CA eyes more JVs to tap Asian telco market

Having spent more than US$75 million in its 23 joint ventures in Asia Pacific, software giant Computer Associates International Inc is pursuing more ofsuch deals in the region as part of its push for increased sales in the telecommunications sector.

ORLANDO, Florida--Having spent more than US$75 million in its 23 joint ventures in Asia Pacific, software giant Computer Associates International Inc is pursuing more of such deals in the region as part of its push for increased sales in the telecommunications sector.

"We are actively forming more joint ventures (particularly) in China, Taiwan and Korea," said CA president and CEO Sanjay Kumar at CA World eBusiness Conference and Exhibition in Orlando, Florida today.

Sanjay declined to reveal additional investments and the potential partners CA is in talks with, but noted that "joint ventures are a better way to work in Asia as local companies understand the local market better". He did not elaborate on the nature of the future deals.

Its current 23 alliances in the region include application service provider (ASP) joint ventures with Korea Telecom Hitel in Korea, Pacific Century CyberWorks in Hong Kong and Keppel Telecommunications & Transportation in Singapore. CA also has a joint venture with China's mobile communications equipment manufacturer Eastern Communications Group for developing billing systems targeted at domestic mobile operators.

Islandia, New York-based CA provides a suite of software which it claims manages corporations' e-business needs. Its offerings fall under four newly rebranded product lines: Unicenter (for enterprise management), Jasmine (for information management), eTrust (for security management) and BrightStor (for storage management).

As part of the corporate rebranding, CA launched a US$100 million, 12-month advertising campaign and unveiled a new company logo in January to reflect its new focus on e-business.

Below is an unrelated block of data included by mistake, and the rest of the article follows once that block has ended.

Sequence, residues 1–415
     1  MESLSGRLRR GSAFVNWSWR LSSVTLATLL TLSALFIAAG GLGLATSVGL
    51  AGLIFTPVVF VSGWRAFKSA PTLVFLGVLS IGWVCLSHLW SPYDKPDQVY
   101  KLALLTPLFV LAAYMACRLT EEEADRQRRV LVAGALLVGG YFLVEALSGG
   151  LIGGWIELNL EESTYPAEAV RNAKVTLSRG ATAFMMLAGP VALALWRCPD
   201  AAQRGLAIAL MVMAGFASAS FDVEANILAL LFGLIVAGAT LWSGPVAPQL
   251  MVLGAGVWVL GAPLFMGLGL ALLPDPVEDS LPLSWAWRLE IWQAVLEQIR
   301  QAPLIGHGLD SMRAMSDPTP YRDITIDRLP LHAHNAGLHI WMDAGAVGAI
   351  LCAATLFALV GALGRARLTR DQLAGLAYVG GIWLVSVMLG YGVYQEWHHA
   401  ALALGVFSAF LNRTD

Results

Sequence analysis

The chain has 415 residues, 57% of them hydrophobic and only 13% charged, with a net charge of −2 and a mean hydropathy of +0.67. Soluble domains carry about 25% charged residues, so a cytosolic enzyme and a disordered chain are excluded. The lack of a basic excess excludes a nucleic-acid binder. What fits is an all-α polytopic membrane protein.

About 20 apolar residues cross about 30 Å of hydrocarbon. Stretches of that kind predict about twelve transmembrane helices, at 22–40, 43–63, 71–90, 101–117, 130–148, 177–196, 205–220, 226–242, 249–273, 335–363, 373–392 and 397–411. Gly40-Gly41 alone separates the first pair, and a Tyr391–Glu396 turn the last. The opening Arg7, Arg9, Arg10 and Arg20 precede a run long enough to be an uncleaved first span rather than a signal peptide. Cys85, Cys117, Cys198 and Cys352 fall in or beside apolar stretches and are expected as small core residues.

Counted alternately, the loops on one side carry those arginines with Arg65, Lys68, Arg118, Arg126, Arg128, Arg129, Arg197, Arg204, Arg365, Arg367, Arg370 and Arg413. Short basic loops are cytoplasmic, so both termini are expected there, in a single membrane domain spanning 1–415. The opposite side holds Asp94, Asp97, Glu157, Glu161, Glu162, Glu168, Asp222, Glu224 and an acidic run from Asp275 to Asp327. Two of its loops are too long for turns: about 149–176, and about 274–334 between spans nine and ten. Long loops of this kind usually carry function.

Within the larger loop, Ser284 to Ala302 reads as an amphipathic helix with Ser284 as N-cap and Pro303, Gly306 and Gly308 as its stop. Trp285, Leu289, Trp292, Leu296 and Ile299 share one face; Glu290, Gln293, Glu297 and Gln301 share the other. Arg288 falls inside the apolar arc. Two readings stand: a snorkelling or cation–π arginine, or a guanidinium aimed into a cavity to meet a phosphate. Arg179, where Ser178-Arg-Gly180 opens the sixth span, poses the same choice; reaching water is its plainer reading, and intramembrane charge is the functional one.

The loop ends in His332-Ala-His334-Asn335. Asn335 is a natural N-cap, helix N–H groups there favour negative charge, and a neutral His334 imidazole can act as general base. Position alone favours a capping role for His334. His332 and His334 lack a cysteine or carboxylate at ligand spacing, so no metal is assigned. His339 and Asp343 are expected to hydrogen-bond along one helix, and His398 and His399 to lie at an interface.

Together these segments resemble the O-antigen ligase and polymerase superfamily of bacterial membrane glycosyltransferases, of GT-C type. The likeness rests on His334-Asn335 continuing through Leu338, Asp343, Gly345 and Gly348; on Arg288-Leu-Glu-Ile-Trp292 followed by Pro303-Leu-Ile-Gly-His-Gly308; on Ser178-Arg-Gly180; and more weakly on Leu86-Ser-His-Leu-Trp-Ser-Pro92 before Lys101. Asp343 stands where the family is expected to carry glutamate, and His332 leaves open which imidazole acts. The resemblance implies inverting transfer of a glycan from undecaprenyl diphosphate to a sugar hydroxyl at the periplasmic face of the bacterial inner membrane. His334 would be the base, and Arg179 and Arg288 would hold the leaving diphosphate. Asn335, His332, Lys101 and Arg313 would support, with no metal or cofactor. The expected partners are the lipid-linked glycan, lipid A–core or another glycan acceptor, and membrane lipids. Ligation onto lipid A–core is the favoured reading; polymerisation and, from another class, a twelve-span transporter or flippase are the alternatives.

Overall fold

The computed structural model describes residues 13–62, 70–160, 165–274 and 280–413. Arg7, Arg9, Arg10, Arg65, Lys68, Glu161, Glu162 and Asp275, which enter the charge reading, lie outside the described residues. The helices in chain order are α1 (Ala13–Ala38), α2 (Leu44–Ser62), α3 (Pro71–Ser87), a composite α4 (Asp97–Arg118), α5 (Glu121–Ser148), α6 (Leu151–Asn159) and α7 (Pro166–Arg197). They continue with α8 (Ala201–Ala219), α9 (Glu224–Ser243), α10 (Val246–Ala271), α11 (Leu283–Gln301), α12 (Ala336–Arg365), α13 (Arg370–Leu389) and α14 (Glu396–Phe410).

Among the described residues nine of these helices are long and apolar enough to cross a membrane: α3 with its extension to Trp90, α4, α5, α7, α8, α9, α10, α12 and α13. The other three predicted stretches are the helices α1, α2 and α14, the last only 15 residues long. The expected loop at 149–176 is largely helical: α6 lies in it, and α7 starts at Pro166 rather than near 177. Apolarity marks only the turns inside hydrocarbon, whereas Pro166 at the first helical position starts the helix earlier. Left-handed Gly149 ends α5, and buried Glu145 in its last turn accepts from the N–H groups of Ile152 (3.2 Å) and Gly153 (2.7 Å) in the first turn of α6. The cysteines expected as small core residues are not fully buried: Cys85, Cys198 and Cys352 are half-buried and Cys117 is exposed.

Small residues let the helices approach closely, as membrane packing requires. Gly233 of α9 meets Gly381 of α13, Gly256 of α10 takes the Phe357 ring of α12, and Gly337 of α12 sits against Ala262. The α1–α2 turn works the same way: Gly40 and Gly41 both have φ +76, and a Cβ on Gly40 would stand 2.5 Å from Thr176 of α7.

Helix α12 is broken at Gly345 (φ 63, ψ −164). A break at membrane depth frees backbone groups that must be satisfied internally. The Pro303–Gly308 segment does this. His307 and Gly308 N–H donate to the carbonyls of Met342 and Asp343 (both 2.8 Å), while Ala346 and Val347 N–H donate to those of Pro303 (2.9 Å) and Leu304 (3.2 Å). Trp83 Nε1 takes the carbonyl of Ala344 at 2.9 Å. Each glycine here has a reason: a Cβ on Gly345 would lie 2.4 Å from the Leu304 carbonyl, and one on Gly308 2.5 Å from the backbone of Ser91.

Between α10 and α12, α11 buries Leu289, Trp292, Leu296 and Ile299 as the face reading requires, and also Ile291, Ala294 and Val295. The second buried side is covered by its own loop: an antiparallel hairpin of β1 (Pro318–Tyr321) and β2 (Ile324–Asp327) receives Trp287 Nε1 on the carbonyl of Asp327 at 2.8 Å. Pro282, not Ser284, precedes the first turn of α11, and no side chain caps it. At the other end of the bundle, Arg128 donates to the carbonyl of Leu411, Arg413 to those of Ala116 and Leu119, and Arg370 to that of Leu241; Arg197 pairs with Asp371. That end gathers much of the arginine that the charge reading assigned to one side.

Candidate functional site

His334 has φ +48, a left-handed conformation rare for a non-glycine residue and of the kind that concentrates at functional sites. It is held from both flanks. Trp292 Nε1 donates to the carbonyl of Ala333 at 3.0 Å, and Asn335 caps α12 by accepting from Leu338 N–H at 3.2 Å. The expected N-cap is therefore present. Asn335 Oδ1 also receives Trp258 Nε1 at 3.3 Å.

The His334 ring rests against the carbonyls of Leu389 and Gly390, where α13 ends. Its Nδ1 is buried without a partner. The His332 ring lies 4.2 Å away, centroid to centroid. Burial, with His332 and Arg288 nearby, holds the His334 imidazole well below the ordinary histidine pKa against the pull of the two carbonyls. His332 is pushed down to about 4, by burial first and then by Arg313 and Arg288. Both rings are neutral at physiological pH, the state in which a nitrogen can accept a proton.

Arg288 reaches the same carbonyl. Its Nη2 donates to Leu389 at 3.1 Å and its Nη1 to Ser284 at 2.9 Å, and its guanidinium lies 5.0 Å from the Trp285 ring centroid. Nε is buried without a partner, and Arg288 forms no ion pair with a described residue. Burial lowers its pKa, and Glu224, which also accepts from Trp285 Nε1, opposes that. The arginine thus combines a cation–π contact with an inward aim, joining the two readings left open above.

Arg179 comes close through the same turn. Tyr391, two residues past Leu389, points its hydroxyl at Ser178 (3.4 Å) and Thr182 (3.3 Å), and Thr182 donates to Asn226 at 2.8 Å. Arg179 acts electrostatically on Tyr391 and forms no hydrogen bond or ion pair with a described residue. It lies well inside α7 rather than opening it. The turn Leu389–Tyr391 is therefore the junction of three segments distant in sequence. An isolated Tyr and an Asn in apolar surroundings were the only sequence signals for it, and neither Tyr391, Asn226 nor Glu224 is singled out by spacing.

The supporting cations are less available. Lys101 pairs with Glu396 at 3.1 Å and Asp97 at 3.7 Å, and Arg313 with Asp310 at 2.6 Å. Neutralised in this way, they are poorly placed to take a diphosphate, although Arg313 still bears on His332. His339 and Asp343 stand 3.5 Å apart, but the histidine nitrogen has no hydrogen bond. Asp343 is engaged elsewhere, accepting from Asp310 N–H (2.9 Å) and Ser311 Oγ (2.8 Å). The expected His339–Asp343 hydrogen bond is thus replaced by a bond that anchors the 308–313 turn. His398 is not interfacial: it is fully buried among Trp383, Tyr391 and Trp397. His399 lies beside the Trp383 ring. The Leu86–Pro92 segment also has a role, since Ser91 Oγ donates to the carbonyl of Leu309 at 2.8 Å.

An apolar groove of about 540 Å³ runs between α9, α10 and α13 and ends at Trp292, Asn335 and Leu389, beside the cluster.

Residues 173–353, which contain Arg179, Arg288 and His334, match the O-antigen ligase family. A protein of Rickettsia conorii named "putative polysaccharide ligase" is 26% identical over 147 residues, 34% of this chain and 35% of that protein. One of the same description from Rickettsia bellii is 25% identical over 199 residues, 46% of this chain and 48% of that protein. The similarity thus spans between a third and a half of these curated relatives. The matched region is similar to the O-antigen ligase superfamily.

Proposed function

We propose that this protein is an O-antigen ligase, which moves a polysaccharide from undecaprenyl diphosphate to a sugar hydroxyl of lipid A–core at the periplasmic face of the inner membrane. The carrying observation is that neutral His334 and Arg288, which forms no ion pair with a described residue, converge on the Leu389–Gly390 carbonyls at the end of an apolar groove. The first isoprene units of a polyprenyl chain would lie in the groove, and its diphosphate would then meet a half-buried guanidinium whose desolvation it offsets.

For the year ended March 2001, CA's turnover decreased 31 percent to US$4.2 billion, from US$6.1 billion last year. According to the company, its sales was affected by a new subcription model introduced last October, whereby license fees are "recognized over the contract term" and not registered upfront.

The company also incurred a loss of US$591 million compared with a profit of US$696 million last year.

Sales from the US made up US$2.73 billion, or 65 percent of total revenues. Sales from outside the US was US$1.47 billion (or 35 percent of total revenues), a 29 percent decline from US$2.07 billion last year. The company does not provide revenue breakdown by region.

Last month, Texas tycoon Sam Wyly had reportedly waged a war to gain control of CA as chairman and oust its existing board, whom he claimed let the company's share price languish. Wyly also accused CA chairman Charles Wang and CEO Sanjay Kumar of creating a corporate culture that has mistreated employees and customers, Reuters said.

Wyly's family-owned Dallas-based investment group, Ranger Governance, owns about two million shares or less than 1 percent of CA, according to Reuters.

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